was born on January 13, 1672, in Corneto-Tarquinia, Italy, to a wealthy, aristocratic family. Both her parents died when she was still young and she was cared for by an aunt and uncle. Growing up, she cultivated a habit of daily prayer, practiced religious devotions and dedicated herself to the Blessed Mother.
Located in Lucy’s neighborhood was a women’s Benedictine community, and Lucy spent much of her time there. The community had a school where the daughters of the wealthy were educated. She was an excellent student, took advantage of the many religious education opportunities, and found the serenity of the community a place that fostered her spiritual growth. Her teachers and companions alike were moved by her humility, kindness and compassionate nature.
Into Lucy’s life stepped Cardinal Mark Anthony Barbarigo, one of seventeenth century Italy’s great religious figures. He has been favorably compared to Saints Frances de Sales and Charles Borromeo. Upon making his first pastoral visit to Corneto, he made a lasting impression on Lucy. She gave up her life in Corneto in order to help him realize his vision for establishing centers to educate and evangelize young girls, especially those from impoverished families. He believed young women were the future of the Church.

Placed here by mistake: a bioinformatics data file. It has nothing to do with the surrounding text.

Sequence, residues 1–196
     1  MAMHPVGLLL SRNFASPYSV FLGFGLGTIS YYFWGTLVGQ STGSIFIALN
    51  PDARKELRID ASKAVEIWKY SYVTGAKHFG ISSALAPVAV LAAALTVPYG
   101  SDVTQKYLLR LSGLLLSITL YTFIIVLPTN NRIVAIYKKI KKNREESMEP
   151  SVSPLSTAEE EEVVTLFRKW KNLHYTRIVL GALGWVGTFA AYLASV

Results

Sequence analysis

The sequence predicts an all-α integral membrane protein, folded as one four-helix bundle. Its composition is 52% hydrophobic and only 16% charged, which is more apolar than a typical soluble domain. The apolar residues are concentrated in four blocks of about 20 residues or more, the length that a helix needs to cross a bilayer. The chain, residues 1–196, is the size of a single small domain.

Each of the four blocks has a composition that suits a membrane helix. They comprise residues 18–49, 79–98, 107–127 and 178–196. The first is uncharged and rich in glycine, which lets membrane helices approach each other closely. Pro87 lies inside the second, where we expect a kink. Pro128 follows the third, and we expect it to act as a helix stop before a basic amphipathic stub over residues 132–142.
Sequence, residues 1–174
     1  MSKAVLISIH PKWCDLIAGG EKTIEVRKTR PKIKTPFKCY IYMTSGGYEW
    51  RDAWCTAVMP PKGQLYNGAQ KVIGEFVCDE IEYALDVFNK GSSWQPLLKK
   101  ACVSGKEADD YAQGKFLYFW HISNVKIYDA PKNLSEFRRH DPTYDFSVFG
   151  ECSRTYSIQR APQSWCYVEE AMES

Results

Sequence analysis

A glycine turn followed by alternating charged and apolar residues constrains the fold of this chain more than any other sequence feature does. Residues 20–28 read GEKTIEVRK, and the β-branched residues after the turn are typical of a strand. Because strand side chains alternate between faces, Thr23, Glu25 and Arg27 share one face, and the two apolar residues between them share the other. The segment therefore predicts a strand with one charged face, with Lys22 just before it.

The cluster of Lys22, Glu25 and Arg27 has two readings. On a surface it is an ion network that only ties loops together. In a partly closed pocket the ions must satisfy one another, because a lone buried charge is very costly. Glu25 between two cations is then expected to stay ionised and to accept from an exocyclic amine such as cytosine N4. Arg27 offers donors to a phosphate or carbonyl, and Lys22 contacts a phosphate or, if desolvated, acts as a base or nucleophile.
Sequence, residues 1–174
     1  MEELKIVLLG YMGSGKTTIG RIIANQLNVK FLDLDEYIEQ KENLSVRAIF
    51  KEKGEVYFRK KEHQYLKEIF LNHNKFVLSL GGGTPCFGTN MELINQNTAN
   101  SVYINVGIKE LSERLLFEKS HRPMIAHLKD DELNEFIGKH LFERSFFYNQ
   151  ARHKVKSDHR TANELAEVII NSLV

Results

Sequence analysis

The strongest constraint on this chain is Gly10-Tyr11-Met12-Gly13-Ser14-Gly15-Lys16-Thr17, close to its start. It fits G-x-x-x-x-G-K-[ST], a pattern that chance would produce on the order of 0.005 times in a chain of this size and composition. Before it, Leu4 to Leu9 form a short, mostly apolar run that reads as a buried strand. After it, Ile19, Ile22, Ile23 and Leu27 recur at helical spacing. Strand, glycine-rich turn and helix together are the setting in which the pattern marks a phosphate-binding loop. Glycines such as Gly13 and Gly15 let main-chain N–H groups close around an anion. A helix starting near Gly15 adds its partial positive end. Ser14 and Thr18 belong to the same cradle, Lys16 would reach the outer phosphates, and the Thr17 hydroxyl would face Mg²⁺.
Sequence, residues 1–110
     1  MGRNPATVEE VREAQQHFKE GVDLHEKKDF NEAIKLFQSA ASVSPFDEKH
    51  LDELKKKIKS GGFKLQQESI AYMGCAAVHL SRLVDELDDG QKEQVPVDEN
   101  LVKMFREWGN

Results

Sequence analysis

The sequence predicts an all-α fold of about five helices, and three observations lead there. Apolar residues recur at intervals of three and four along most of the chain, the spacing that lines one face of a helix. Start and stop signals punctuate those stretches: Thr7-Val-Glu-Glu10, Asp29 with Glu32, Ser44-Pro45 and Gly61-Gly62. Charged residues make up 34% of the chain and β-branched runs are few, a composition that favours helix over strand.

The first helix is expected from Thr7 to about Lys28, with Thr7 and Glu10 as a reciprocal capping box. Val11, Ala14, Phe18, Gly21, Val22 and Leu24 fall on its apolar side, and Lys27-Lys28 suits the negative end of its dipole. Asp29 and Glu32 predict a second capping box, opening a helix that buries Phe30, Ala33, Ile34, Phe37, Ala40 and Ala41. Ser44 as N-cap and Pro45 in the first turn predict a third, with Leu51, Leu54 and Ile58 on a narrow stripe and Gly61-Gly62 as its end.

At the age of 20, Lucy plunged headlong into the plans to establish schools that not only would educate young women, but would show them how to influence a healthy and faith-filled family life. In 1692, teachers were trained to staff what soon became a proliferation of women’s Catholic learning centers. Fifty-two schools were established during Lucy’s lifetime. As the community grew, it attracted the attention of Pope Clement XI who, in 1707, called Lucy to Rome to establish schools there as well.
Lucy passed away on the Feast of the Annunciation, March 25, 1732, at the age of 60. In 1930, she was canonized and given the last available niche in Saint Peter’s Basilica. Hailed as the foundress of the Pontifical Institute of Religious Teachers, her legacy goes far beyond Italy. The Institute’s mission has spread into other parts of Europe, the United States, Brazil, Ethiopia and India. Her feast day is March 25.
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